Tip #5: Use Multi-Factor Authentication Whenever Possible
According to OneLogin: “Multi-factor Authentication (MFA) is an authentication method that requires the user to provide two or more verification factors to gain access to a resource such as an application, online account, or a VPN.”
You may also be familiar with the terms two-step authentication or two-factor authentication.
All of these relate to the same idea of creating multiple steps that must be completed before you’re allowed to access something. Some common MFA processes include:
- A text message with a specific code
- An email with a specific code
- A phone call with a specific code
- Connecting your phone and selecting a specific answer (like yes or 22)
The MFA comes into play after you’ve entered your credentials. You already know your username and password, but the MFA provides extra security by forcing you to enter a code sent to you by another system or press something that correlates directly with the specific app. For example, when I log into my email, I enter my username and password. Then, it asks me to select a specific number, like 22, on my smartphone when prompted.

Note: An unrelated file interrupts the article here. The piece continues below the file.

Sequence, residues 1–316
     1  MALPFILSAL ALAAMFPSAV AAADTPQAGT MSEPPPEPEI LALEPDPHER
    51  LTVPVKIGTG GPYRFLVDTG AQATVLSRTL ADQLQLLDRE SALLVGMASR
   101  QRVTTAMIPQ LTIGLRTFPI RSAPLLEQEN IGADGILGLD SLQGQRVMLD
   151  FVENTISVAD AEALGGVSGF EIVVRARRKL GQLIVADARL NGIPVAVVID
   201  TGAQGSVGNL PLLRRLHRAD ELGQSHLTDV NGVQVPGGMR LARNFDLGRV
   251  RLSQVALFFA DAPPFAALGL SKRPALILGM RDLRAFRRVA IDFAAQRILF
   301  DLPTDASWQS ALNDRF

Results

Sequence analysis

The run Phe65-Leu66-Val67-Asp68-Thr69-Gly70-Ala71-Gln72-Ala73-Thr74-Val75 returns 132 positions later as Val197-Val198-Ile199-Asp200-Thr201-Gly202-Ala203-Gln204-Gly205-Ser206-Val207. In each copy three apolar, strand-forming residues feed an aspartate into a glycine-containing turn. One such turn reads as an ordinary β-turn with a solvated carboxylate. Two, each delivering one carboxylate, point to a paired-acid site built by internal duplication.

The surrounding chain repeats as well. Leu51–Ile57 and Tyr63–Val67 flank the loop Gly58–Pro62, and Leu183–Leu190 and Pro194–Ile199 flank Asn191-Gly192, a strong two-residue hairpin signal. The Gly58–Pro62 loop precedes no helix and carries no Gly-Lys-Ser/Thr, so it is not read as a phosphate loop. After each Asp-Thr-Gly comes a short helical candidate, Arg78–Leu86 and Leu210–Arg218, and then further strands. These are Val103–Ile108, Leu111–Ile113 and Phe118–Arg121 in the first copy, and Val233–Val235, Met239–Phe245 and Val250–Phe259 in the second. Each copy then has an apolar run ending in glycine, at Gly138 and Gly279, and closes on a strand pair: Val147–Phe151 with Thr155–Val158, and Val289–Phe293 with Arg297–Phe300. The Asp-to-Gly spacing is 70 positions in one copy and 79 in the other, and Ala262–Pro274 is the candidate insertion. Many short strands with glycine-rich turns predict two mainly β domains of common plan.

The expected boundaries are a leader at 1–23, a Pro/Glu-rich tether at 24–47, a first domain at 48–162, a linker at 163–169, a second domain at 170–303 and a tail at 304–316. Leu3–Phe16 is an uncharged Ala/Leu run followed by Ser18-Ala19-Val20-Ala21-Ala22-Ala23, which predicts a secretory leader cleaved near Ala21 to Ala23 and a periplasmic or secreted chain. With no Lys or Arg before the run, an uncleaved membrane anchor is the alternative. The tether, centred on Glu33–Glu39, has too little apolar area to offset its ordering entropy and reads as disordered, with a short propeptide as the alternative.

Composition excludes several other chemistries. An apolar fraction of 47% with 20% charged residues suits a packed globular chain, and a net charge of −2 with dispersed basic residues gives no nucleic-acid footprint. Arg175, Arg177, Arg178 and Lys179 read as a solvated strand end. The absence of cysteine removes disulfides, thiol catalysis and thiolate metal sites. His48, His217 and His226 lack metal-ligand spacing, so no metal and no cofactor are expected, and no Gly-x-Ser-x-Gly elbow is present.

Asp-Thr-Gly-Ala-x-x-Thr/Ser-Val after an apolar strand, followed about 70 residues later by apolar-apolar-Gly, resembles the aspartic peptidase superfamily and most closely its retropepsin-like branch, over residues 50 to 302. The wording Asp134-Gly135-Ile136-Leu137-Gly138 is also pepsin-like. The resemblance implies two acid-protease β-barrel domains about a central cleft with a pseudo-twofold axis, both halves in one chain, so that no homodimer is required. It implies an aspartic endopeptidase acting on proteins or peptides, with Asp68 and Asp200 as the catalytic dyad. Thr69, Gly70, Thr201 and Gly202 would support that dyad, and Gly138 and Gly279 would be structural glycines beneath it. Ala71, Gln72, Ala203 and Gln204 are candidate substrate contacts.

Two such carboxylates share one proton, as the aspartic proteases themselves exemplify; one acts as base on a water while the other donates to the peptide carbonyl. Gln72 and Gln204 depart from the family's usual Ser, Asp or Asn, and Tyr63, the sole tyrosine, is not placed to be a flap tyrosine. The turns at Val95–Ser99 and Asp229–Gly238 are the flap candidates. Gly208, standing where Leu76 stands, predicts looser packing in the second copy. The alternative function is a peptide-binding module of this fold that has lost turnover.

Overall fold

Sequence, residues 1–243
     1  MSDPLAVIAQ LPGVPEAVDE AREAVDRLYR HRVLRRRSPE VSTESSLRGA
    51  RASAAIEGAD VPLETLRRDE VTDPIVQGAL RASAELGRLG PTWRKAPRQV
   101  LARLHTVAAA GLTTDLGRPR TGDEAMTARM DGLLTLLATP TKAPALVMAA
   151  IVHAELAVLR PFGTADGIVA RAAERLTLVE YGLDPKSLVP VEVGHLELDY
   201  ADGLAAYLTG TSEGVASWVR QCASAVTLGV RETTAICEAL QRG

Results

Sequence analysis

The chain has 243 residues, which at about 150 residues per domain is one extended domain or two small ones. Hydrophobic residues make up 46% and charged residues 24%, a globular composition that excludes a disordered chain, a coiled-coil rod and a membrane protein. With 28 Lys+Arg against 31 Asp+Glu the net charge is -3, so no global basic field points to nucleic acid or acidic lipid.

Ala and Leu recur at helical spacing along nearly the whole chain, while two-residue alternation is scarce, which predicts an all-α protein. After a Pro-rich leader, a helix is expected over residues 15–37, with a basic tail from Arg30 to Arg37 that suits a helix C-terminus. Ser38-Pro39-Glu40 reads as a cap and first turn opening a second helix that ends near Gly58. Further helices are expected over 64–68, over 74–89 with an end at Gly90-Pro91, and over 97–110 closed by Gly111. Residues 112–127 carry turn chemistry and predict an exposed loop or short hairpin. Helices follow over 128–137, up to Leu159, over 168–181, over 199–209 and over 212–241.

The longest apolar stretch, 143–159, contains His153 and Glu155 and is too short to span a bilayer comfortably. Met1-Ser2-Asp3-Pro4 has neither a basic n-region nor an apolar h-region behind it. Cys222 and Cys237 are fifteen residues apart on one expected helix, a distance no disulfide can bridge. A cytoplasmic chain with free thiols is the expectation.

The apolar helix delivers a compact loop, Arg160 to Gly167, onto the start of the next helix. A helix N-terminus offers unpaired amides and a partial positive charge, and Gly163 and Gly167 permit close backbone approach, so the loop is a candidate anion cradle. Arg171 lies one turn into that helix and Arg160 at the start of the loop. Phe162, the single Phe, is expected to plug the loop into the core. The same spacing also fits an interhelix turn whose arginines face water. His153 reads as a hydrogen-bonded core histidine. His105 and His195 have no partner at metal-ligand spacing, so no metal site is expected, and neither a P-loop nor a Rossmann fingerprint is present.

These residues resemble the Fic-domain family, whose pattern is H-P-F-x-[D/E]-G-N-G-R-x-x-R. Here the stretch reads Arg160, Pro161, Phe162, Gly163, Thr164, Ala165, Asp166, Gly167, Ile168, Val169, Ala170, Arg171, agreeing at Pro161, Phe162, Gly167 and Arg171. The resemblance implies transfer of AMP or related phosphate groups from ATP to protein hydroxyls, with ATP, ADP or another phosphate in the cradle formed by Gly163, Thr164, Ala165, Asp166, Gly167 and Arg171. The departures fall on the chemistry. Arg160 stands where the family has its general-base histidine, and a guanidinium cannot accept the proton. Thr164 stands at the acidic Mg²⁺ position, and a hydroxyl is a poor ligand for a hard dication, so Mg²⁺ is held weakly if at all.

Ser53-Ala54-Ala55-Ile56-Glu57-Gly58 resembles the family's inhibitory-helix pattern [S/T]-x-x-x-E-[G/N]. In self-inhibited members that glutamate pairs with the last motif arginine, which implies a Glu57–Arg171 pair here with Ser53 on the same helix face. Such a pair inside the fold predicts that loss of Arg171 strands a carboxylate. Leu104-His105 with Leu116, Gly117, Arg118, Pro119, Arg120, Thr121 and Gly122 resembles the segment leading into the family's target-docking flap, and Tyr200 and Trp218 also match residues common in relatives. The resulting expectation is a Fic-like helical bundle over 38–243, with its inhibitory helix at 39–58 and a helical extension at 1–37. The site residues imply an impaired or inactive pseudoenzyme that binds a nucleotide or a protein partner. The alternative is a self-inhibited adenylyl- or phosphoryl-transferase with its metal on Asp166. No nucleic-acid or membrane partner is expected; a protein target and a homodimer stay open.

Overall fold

This can prevent hackers from compromising your account because they likely won’t have access to both your username and password PLUS the third-party systems (like your phone or email).
Tip #6: Lock Your Devices
Another tip that can feel annoying but will help you stay significantly more secure is locking your device. It sounds easy, but with how the world has changed over the last few years, it’s become increasingly more important.
Your computer holds a significant amount of sensitive data. Whether it's your data or your clients' and prospects' data, you want to ensure that data is as safe as possible. That means locking your device.
Even if you’re just stepping away for a quick call or a bathroom break, getting into the habit of always locking your device will help you continuously work towards best practices and give you more peace of mind.
Tip #7: Use an Antivirus Program